The Fed is best positioned to win the forthcoming tug-of-war on both counts because after having lifted its interest rate nine times since the end of 2015, it has significant scope to lower borrowing costs by a meaningful amount in the months ahead. And with the Dollar having bested most rivals last year, many have long looked for a decline.

"The slowdown in global economic growth suggests that clouds have been gathering. Looking ahead, in our view there is risk of an escalation in the trade tensions between the US and China and this is a significant risk to the global economy and to risk appetite. There is plenty of commentary stemming from Washington regarding a desire on the part of the US to contain the growth of China both on an economic and a military levels," Foley warns. 

Below is a table detailing what all of this could mean for the major exchange rates next year, alongside a selection of views for individual currencies.

The Dollar index was quoted 0.14% higher at 96.93 Monday and is now up 0.95% for 2019 overall. The Pound was 0.40% lower at 1.2510 against the Dollar and is down 1.8% in 2019, while the Euro-to-Dollar rate was down 0.08% at 1.1257 and is down -1.81% this year.


 Above: Rabobank G10 exchange rate forecasts Vs U.S. Dollar, July 2019. 


Pound Sterling

"GBP is clearly vulnerable against a backdrop of political uncertainty and a deteriorating UK economic environment...Additionally, data are showing that the UK economy is slowing. Q1 data were shored up by stockpiling ahead of the original March Brexit resulting in a sharp slowing of activity in Q2. The Brexit outcome and politics developments remain the largest driving factor for GBP."

Above: Rabobank BP forecasts.


U.S. Dollar

"Against the backdrop of slowing world growth the market is poised for what could be the start of an easing cycle by the Fed. That said, the dovish stances of most other G10 central banks is offsetting the impact of potential Fed action on the USD crosses."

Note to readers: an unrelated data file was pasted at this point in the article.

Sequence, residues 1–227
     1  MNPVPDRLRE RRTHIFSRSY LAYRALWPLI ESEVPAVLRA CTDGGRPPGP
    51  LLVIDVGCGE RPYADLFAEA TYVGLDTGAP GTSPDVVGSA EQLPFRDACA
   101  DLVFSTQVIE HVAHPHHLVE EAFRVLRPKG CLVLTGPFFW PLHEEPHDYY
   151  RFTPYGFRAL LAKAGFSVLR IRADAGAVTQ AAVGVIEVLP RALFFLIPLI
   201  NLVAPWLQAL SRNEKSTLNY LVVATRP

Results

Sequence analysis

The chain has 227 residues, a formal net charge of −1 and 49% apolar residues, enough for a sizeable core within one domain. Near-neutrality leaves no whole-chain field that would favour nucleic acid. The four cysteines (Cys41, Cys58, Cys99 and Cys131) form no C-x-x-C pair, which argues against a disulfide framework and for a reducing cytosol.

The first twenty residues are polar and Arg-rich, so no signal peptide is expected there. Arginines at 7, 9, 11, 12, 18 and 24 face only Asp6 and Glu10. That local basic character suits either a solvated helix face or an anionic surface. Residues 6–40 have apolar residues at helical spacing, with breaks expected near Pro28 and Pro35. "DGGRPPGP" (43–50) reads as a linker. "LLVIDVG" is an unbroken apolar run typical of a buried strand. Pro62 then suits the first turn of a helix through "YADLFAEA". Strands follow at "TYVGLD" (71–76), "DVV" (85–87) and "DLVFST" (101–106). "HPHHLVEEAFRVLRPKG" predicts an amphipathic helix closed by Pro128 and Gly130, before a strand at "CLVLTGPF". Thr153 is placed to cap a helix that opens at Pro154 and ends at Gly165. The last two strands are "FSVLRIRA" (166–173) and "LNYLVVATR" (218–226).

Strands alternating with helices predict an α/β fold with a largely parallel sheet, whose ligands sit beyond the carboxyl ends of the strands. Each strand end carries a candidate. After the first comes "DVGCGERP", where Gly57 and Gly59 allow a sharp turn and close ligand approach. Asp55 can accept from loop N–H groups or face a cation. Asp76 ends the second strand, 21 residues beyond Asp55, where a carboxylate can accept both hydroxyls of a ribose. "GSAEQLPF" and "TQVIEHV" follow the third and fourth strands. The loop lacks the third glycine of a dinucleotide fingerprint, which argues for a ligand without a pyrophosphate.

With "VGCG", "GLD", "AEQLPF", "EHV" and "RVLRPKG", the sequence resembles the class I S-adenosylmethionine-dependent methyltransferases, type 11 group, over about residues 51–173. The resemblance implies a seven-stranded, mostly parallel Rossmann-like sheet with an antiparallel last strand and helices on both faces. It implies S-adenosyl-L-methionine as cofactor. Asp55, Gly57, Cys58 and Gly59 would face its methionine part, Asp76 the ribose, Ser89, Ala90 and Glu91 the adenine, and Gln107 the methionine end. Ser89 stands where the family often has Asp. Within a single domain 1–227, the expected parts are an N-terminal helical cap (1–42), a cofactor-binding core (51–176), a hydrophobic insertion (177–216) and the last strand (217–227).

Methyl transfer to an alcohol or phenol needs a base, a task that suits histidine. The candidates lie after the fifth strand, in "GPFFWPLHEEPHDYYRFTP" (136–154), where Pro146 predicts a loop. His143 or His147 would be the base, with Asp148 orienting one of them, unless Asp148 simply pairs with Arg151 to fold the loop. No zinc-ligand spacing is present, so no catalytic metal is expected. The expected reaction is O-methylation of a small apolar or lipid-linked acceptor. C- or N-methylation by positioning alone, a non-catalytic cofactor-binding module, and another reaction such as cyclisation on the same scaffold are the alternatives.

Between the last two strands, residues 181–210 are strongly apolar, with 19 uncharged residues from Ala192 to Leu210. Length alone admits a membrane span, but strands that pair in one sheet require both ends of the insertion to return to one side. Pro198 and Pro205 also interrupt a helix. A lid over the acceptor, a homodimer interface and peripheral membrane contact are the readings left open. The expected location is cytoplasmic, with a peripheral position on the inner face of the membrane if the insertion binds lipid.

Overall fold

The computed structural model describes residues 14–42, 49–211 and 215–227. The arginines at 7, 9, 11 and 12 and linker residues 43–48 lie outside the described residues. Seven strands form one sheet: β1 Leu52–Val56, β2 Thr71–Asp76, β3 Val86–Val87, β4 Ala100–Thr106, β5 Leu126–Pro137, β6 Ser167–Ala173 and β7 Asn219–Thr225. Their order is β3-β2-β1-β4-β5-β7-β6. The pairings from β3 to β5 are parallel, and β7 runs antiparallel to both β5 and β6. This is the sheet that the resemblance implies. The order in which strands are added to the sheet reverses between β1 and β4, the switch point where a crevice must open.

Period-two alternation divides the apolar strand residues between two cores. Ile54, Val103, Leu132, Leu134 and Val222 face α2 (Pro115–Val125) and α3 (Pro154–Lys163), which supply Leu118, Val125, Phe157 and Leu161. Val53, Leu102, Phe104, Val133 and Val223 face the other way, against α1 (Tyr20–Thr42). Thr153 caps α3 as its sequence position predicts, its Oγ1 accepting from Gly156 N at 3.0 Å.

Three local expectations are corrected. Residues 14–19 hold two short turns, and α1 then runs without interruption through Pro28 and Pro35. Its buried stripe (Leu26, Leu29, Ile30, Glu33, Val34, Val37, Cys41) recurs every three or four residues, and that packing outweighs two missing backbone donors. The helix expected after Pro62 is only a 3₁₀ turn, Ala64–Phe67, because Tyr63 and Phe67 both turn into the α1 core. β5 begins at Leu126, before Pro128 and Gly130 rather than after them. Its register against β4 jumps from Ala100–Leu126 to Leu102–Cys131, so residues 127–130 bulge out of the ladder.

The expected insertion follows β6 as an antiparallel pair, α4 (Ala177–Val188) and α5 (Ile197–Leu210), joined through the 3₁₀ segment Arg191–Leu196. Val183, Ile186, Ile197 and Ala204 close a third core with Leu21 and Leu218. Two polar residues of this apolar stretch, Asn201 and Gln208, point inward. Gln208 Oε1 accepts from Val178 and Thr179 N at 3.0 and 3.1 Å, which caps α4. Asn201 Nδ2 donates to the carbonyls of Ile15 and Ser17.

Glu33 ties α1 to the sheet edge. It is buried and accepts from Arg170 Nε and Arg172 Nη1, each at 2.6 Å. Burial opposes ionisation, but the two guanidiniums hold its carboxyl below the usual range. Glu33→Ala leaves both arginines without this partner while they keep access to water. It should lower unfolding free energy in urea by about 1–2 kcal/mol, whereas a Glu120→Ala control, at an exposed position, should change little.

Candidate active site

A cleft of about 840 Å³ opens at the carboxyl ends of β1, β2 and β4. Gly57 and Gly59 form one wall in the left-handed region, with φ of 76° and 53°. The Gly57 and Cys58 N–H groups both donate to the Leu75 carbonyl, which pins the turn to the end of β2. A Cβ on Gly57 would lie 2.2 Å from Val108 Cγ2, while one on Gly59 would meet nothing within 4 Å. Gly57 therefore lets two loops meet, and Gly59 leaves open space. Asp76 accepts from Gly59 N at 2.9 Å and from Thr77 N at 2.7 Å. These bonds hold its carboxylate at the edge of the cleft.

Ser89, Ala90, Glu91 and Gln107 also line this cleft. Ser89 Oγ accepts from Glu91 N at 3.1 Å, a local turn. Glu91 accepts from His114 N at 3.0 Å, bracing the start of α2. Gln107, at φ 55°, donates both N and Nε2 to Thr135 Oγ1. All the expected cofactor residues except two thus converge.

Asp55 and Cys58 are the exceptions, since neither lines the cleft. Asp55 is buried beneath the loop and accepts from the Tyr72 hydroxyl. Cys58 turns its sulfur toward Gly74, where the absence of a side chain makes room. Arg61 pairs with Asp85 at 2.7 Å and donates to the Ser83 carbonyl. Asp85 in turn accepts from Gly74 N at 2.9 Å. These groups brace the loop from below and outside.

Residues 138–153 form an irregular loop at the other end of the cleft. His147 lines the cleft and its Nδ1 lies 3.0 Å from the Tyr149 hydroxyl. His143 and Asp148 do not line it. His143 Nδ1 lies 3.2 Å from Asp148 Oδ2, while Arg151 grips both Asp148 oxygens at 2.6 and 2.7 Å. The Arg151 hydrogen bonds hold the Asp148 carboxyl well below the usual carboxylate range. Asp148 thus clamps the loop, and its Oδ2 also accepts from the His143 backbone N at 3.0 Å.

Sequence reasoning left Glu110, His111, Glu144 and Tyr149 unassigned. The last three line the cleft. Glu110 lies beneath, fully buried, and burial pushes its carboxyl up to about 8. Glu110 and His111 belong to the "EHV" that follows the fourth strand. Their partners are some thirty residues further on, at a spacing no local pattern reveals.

See table above and at linked webpage.



"We expect the ECB to cut its discount rate further into negative territory at its Sep meeting. Additionally there is underlying demand for the USD which stems from its dominance in the international payments systems...That said, we expect upside pressure on EUR/USD to increase in 2020 on anticipation of a step up in the pace of Fed rate cuts."

See table above and at linked webpage.


Australian Dollar

"The RBA has become the most dovish G10 central bank by cutting rates twice already this year...Against the backdrop of a sharp drop in Australian bond yields, the risk of QE is being discussed in the context of the RBA going forward...We see scope for further RBA policy moves and expect further downside potential for AUD/USD."

See table above and at linked webpage.


New Zealand Dollar

"The RBNZ was the first G10 central bank to cut rates this cycle and it has warned that more stimulus is in the pipeline, with August widely expected to bring a policy move...While NZD/USD has found some support from Fed rate hike expectations, we see downside potential medium-term on risk of an escalation in China/US trade wars and a broad decline in risk appetite."

See table above and at linked webpage.


Canadian Dollar

"USD/CAD peaked at 1.3565 on the last day of May but the pair fell 3.9% by early July...There is likely too much easing priced into the USD for the rest of the year and too little risk of easing from the BoC so a repricing should push the pair higher. That said, higher oil prices are likely to provide an offset so we remain only moderately bullish USD/CAD."

See table above and at linked webpage.